Take advantage of the extension to the Recovery Loan Scheme

Find out how your businesses can benefit from this Government-backed funding

Although much of the COVID-19 financial support has been withdrawn, the Government still wants businesses to access funding to aid their recovery.

That is why the Chancellor, Rishi Sunak, has extended the Recovery Loan Scheme until 30 June 2022 – instead of it ending on 31 December this year.

Intended to bridge the gap between the previous Coronavirus loans and regular credit conditions, the Recovery Loan could be worth up to £10 million per business, or up to £30 million across a business group.

However, as part of the extension to this scheme, certain criteria will change from 1 January 2022, including:

  • The scheme will only remain open to small and medium-sized enterprises
  • The maximum amount of finance available will decrease to £2 million, per business
  • The Government guarantee offered to lenders will fall from 80 per cent to 70 per cent.

To apply for the Recovery Loan Scheme, businesses need to check the list of accredited lenders on the British Business Bank’s website here.

Not sure if you are eligible or need help making an application?

Speak to us for assistance

Simple steps you can take to cut business costs and maximise profits

Cost-saving will be key for many businesses struggling to get back up to speed after the pandemic.

Many small and medium-sized enterprises (SMEs) were hit hard and now face higher inflation, skills shortages and rising wages.

The Bank of England says the inflation figure could even hit four per cent by December. So, cutting costs can help get thousands of UK firms through these challenging times.

There are many options for businesses to cut costs, including:

Review your suppliers

Make sure you are getting the best value for money. Get a minimum of three quotes for your supplies, particularly in areas like communication, where there are often better deals to be had.

You should also give existing suppliers the chance to review their prices.

Your business is important to them, but don’t be afraid to walk away for a better deal.


Sometimes you need to spend a little to save a lot. If you are operating on older systems or software, it may make sense to upgrade now so that you are more efficient as a business.

An example of this is digital invoicing and bill payments. These techniques could help to reduce administration costs and postage, while also helping you to avoid piles of paperwork – saving you time and money.

Many of the latest cloud accounting platforms allow you to digitise these processes, while also offering you many other benefits, including the option to go paperless.

Assess your workspaces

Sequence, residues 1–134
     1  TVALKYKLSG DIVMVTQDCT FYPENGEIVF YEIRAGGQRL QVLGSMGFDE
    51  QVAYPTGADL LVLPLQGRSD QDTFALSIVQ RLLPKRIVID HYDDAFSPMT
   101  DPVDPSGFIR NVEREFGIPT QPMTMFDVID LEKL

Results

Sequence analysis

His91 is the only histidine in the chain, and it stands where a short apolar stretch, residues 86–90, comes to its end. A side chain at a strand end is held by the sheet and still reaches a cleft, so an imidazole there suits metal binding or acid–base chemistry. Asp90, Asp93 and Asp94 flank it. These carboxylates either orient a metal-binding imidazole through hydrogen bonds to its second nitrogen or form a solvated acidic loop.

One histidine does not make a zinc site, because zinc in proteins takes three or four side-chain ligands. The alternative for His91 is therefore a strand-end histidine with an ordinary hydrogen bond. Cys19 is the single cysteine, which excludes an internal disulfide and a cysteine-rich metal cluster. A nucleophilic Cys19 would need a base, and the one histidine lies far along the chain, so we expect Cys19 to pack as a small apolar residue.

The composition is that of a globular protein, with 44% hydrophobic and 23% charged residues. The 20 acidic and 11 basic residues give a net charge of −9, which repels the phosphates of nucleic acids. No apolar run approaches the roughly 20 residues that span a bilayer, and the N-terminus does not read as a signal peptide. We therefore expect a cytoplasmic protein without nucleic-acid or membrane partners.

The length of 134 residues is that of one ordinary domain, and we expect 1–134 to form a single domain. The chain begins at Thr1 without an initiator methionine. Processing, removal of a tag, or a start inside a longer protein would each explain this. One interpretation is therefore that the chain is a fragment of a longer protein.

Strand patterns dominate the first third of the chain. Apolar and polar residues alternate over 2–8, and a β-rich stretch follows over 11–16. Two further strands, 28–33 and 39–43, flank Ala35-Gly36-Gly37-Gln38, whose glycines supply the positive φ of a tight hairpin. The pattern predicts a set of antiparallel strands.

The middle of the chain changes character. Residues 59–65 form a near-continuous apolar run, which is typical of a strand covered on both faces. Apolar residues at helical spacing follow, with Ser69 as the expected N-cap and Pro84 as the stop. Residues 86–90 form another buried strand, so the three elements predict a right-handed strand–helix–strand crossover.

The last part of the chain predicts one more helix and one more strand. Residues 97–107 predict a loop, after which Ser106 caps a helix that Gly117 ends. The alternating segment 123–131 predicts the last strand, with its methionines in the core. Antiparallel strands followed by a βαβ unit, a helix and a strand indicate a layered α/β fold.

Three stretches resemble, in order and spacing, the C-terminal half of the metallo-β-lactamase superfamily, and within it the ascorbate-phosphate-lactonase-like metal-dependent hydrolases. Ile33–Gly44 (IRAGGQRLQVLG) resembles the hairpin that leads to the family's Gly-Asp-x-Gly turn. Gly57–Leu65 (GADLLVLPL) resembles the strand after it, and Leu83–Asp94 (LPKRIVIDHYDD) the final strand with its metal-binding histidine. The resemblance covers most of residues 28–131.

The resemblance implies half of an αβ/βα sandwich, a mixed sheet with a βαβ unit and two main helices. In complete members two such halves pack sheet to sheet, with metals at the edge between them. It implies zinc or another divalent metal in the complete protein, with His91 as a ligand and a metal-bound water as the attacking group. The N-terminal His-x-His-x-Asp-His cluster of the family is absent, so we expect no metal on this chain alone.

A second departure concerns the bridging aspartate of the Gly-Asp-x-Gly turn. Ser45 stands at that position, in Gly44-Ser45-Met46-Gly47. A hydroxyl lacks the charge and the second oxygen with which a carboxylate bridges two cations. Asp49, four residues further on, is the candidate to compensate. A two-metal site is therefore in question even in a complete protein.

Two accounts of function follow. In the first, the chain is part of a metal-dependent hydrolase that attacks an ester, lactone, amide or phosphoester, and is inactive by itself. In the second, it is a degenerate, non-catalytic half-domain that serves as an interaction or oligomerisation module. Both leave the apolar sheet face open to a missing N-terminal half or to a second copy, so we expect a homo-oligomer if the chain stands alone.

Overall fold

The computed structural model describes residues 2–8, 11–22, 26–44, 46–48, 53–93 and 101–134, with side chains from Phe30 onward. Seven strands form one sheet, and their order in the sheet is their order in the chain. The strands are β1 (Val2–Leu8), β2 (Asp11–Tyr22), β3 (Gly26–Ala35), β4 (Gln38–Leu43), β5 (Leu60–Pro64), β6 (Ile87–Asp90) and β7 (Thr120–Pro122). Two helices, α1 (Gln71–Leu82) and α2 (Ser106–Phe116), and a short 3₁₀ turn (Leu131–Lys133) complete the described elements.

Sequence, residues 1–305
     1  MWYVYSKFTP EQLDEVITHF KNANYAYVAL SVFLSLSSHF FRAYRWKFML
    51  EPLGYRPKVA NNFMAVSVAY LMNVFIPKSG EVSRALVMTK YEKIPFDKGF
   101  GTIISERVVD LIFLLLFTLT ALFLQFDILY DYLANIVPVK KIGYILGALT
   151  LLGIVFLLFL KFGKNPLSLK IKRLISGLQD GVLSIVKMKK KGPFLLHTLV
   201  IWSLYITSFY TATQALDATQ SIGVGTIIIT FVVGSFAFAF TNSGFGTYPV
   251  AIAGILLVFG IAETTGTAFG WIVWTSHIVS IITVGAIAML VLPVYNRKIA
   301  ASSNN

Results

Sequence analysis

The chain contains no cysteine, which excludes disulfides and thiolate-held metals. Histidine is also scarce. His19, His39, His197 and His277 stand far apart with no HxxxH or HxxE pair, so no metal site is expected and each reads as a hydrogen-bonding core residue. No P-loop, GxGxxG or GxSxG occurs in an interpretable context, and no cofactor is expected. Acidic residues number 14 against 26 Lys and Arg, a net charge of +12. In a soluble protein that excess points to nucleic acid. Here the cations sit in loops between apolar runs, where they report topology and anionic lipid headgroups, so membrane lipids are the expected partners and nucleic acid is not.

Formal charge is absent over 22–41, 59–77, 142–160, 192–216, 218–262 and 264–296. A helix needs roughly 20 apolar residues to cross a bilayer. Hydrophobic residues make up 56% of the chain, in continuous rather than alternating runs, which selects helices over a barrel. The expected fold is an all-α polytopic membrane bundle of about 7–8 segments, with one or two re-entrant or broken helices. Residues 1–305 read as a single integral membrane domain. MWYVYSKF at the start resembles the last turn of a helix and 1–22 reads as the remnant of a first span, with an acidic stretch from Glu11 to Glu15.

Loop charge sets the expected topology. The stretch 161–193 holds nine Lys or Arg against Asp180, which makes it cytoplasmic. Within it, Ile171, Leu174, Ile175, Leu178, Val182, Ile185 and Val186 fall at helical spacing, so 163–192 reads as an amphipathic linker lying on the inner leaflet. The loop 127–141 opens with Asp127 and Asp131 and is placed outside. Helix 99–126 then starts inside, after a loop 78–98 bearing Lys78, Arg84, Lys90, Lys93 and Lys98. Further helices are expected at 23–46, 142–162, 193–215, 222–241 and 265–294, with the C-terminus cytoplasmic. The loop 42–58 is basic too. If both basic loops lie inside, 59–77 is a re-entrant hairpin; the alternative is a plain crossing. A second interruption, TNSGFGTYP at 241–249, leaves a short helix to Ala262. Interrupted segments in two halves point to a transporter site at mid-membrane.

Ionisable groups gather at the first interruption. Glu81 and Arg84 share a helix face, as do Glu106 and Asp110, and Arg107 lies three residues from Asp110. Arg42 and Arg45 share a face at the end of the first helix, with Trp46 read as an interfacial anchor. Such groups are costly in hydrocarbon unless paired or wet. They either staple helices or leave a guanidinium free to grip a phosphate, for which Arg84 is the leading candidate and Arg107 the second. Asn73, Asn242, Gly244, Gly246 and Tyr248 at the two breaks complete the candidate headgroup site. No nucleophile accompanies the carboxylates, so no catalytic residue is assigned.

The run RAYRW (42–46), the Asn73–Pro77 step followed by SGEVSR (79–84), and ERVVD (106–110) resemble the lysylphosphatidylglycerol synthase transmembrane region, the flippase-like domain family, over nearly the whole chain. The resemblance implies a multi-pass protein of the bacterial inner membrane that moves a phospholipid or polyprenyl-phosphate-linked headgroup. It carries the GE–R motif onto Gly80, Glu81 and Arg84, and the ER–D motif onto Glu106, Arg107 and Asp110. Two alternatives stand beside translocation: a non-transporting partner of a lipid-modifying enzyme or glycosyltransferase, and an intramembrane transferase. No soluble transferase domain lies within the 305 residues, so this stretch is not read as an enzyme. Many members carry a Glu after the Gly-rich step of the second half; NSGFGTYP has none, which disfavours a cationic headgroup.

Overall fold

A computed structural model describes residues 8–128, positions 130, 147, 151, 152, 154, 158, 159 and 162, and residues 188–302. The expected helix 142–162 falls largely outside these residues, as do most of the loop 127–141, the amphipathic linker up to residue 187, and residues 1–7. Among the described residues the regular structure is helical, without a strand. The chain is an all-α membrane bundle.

The requirements for your business premises may have changed during the last year, especially if many of your staff have moved to hybrid or remote working.

Assess whether your current commercial property still meets your needs or whether there could be cheaper alternatives elsewhere.

If you have moved entirely to remote working, you could do away with business premises altogether.

Go second-hand

Quite often refurbished equipment can perform just as well as new and allow for considerable savings. This does not just apply to office furniture.

Properly refurbished computer equipment can also result in big savings as can equipment like copiers.

Be aware, some capital allowance tax schemes won’t allow claims made on second-hand machinery or equipment.

Use an accountant

It may seem obvious, but using our expertise could help you cut your costs considerably.

We can look through your books and spot cost-saving opportunities that you may have missed and make a detailed analysis of the day-to-day running costs of your business.

We can also help you find reliefs and allowances that help you reduce the costs you already have by offsetting them against tax.

If you are struggling with a cost crisis, act now. Cash flow issues are one of the most common reasons for business failure.

Is your business struggling with debt? Regain control today

Many small and medium-sized enterprises (SMEs) were hit hardest at the beginning of the pandemic.

They had access to support, like the Bounce Back Loan, which was easier to access and had lower interest rates, but those only helped during the short term.

Now a growing number of SMEs are struggling with debt. The latest Bank of England Credit Conditions Survey shows that the majority of banks (44 per cent) reported an increase in loan defaults by small companies in the third quarter of this year.

This is twice the levels seen during the height of the pandemic.

There are options for businesses that have got into a debt spiral, including:

Deal with priority debts first, including:

  • Business rates
  • Utility bills
  • Mortgage and rent payments
  • Outstanding tax payments
  • Payments to strategic suppliers
  • Bank loans
  • Any form of borrowing with a personal guarantee

Consolidate or refinance loans

It may make sense to consolidate several loans into a single payment or refinance an existing loan.

With inflation increasing, businesses should take advantage of the historically low interest rates that currently exist.